Employee Theft: Behavioral Aspects
EMPLOYEE THEFT: BEHAVIORAL ASPECTS
The term employee theft refers to the unauthorized taking, transfer, or use of property of a work organization by an employee during the course of work activity. Straightforward as it seems, the application of the definition to employees' activity is complicated by two essential problems. The first centers on the issue of what is meant by unauthorized taking. If the activity is prohibited by company policy (formal norms) but sanctioned by the work-group and work-culture (informal norms), is it unauthorized taking? Technically and legally it is; operationally it may or may not be dependent on other elements of the work-group norms that prescribe and proscribe the behavior. The second problem in applying the definition to practice centers on the question of what constitutes company property. Not only are there several types of property in an organization—company, personal, and property of uncertain ownership (e.g., items in a wastebasket, unsolicited samples from vendors)—there are also forms of company property that do not ordinarily enter into the traditional calculus of employee theft. The latter might include the use of facilities and equipment for personal use—personal phone calls, typing personal correspondence on company computers, the use of sick leave for personal days off, or the theft of work time through simply "goofing off." In defining employee theft one needs to consider carefully what is meant by unauthorized taking and what property is included in the activity defined as theft (Greenberg; Hollinger and Clark; Horning).
Ancient or modern problem
Many regard and treat theft by employees as a relatively new phenomenon that emerged with the development of large bureaucratic organizations with their impersonal relationships between employers and employees. Employee theft is neither a new problem nor one limited to modern work systems. Reference to employee theft is found in one of the earliest bodies of laws, the Code of Hammurabi, carved on diorite columns during the eighteenth century B.C.E. The code's 288 laws contain at least eight specific references to employer-employee, consigner-consignee relations that apply to what is today called employee theft. For example, the 265th law states, "If a shepherd to whom oxen or sheep have been given to pasture become unfaithful, alter the brand or sell them, they shall convict him and he shall restore tenfold to their owner the oxen and sheep he has stolen" (Luckenbill).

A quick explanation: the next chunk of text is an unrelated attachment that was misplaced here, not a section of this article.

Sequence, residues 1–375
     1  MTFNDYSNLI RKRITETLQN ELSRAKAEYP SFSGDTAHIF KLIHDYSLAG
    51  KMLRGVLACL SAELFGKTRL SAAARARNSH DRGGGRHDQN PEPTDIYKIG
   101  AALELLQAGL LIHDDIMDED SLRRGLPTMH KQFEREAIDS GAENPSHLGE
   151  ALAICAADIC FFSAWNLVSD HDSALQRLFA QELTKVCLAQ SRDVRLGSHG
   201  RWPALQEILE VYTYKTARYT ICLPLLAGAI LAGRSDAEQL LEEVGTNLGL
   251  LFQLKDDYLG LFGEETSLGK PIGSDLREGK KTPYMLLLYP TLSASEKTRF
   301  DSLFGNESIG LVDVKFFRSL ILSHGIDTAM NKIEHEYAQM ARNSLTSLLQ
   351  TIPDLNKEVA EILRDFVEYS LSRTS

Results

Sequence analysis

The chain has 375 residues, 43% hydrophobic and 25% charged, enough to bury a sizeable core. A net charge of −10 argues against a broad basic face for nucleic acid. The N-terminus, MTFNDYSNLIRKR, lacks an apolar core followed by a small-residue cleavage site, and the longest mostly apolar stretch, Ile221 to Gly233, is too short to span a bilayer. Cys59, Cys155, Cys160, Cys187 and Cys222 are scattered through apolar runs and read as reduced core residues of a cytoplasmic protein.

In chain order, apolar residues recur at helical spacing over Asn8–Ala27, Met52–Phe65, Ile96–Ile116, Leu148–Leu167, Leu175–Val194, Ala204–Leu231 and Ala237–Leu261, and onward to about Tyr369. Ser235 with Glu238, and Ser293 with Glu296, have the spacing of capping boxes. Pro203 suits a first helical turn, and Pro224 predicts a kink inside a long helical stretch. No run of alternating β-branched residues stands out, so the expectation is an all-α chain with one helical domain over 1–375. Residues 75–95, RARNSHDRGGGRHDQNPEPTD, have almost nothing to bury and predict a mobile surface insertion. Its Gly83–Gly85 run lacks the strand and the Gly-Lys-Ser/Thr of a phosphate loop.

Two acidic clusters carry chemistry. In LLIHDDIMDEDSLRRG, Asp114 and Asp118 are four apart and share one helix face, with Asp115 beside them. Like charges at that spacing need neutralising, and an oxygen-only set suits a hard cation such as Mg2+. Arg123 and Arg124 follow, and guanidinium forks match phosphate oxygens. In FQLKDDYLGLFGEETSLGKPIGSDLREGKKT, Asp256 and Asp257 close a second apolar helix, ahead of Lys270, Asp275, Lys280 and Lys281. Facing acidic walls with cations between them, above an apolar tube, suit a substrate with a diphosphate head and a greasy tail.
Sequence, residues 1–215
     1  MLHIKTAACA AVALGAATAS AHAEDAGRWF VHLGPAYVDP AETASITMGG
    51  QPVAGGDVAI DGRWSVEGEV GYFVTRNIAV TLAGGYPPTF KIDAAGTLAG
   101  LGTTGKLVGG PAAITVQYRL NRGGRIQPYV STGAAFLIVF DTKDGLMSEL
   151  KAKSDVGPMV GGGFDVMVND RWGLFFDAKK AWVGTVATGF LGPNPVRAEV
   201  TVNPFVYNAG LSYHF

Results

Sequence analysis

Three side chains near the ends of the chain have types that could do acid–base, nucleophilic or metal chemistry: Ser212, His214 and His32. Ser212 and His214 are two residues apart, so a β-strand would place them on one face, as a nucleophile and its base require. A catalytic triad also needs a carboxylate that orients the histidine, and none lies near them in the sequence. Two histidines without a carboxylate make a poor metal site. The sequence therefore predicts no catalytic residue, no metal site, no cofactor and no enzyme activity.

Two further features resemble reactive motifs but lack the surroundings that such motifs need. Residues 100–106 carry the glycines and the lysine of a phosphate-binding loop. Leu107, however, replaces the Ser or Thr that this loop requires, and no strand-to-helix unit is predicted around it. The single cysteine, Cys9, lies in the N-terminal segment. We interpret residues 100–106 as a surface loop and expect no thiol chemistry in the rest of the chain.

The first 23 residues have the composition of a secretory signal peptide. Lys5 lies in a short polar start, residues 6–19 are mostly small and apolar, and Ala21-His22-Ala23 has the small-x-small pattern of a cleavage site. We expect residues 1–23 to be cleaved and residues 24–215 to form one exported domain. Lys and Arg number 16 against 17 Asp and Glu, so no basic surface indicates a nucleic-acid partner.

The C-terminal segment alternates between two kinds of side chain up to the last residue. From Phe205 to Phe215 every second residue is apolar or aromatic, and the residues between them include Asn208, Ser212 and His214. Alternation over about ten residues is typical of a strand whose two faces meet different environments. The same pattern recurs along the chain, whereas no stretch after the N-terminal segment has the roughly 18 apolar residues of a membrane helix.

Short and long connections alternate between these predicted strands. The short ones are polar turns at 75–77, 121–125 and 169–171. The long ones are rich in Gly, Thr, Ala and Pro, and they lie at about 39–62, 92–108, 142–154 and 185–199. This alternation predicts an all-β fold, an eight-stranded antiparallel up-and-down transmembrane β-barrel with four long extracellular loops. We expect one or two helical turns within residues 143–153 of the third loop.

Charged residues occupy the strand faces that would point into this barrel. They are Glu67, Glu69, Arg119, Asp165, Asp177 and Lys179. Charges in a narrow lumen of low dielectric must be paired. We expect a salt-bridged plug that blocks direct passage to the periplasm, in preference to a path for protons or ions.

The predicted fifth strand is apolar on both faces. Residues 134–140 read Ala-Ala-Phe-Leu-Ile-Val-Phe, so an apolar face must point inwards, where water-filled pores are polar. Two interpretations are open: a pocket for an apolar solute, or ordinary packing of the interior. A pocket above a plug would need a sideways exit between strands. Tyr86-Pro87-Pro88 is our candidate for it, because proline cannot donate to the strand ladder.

What makes the problem of employee theft appear modern or of recent origin are the significant social changes that modern work systems represent: new organizational structures, new relationships between employers and employees, new configurations of material and products, new victims (including new legal constructs such as corporations), new opportunity structures that give workers access to more goods, facilities and services, new configurations of work norms regulating employee behavior, new systems for preventing or coping with employee theft, and the separation of property ownership from property control in the modern organization. Viewed together, these make the problem appear a modern one or at least one of a different order than earlier employee theft.
Terms used to describe employee theft
A sociolinguistic analysis of the terms used by the employee-perpetrator and the employervictim to describe acts of employee theft reveal significant differences in the way the act of theft is perceived. All but the high incident/high value perpetrators refer to their acts of taking property in more neutral terms, placing the act within acceptable work-group normative boundaries, by using euphemisms such as taking, salvaging, evening-up, compensating, borrowing, dipping, scrounging, taking out a loan, doing government work (especially for use of equipment and facilities), boss work (following the boss's example), and taking stuff for homework. Employee-perpetrators go to great lengths to avoid the term theft and having to define their behavior as theft. Describing those same acts, the employer-victims use more judgment-laden legal terms such as pilfering, theft, fraud, stealing, embezzling, and poaching. Although both are referring to the same act, each is revealing a different perception of it. Hence, what is a clear case of employee theft to the employer may be perceived by the perpetrating employee as a compensatory act that makes up for some perceived injustice or as a form of salvaging materials that would otherwise be tossed out. Often employees feel that the appropriation of materials from the work place is a job right, a fringe benefit of the job. Although the employer and employee may both agree that the theft of company property is wrong, they often fail to recognize that they may be referring to different classes of acts, categories of materiel, concepts of property, or views of ownership. It is not uncommon for employees to consider employee theft reprehensible while regarding their own taking of property as legitimate. An important element in this process is the division of property in the work system into that which is pilferable (comprising some forms of company property and property of uncertain ownership) and that which is not (some forms of company property and personal property). High incident/high value thieves cannot claim exemption from the designation thief; their acts are not legitimated in the work-group norms (Altheide et al; Greenberg; Hollinger and Clark; Horning; Terris).